I’m probably the last person in America to have started this series. I mean, at this point Rick Riordan is writing a dozen other series he started after concluding this one. Oh well. Better late than never, right? Anyway, I have only good things to say about this one! Watch and see!
This book was the 7th book from my 2017 Reading Challenge and satisfied the requirement to read a book everyone else seems to have read already. This is also 1 of Amazon’s 100 Books Everyone Should Read. Two birds with one…book? Ha!
What did you think of this book?
Today’s topic is standalone books that NEED a sequel. But it’s time we take a trip down memory lane.
I first began buying my own books in high school and college. I know at that point in time I’d started reading a handful of series, but I always tried finding standalones. At the library. At the bookstore. Or online. I’d search for hours to find a standalone I wanted to read. I often successfully found one. I discovered several of my favorite authors this way.
But as time has passed on I’ve had to change up my strategy. Now whenever I happen to be looking for something new I’m searching for the first book in a new series. This isn’t inherently worse, just different.
All this to say that once upon a time I wanted to read as many standalone novels as I could, but now I’m reading a million series at once. I’ve never read a solid standalone I felt needed a sequel. Not once. And some of the best books I’ve ever read have been standalones.
So my answer to today’s topic is simple: A good standalone shouldn’t need a sequel. What do you think!?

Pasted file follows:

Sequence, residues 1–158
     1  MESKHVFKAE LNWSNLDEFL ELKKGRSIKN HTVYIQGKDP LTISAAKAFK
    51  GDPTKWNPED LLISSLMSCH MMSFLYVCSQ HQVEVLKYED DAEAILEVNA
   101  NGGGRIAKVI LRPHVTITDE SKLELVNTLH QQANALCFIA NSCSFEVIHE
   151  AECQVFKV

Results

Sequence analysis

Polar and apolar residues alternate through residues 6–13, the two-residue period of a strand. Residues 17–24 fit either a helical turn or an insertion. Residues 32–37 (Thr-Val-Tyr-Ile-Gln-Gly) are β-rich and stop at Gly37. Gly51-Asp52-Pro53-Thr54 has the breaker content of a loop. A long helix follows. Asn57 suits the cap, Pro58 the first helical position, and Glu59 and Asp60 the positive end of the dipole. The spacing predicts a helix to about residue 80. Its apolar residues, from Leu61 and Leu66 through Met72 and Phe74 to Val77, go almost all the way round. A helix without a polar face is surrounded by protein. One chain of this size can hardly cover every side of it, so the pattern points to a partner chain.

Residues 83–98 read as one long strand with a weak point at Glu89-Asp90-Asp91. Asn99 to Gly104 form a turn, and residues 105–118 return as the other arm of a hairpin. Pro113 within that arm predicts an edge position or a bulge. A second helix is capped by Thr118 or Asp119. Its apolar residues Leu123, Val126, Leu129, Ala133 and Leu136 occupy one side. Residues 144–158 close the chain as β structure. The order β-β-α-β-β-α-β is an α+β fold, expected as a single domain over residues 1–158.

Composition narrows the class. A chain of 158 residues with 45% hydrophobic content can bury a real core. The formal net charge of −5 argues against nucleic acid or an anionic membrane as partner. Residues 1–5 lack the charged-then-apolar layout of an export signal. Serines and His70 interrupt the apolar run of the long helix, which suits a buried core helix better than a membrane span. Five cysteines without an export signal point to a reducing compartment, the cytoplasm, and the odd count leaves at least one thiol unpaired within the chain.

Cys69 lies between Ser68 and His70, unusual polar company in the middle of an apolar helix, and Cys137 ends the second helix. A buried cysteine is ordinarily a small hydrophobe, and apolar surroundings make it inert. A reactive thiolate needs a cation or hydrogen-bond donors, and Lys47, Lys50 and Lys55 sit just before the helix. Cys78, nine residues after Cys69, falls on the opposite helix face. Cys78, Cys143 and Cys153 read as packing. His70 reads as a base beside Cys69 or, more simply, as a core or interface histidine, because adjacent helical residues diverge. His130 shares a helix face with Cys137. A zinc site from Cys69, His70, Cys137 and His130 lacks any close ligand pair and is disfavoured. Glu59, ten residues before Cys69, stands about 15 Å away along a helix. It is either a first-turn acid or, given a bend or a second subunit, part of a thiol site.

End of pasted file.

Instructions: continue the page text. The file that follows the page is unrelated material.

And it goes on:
A few nights ago I was working a closing shift, right? Which generally means it’s pretty slow toward the end of the night. But then I was awakened by a comment a co worker made. She said Twilight is the same as The Hunger Games. You can imagine my reaction to this.
I couldn’t believe it. And she was quire serious. Though another worker did immediately tell her that she was quite incorrect, I was the only one there who’d actually read any of the books around Katniss. So no one could really jump in with me.
Anyway, sure both series are obviously young adult, but to say that they are the exact same thing is outrageous to me. And disrespectful toward Suzanne Collins. Ugh. Have you ever heard anyone compare two books or series that don’t belong in the same sentence?
Okay. I’ve been pretty open about the fact that I don’t read comics. And recently I started thinking of the difference between comics and graphic novels. And I can’t seem to find one.
We sell both at my store and the only difference I can see is that graphic novels often come in hardback and are priced extremely high. Which is so unnecessary when they’re less than 100 pages. I’ve looked through a handful of both comics and graphic novels and still don’t know the difference. All the characters you can think of seem to appear in both. I don’t know.
So what’s the difference between graphic novels and comics? I haven’t a clue.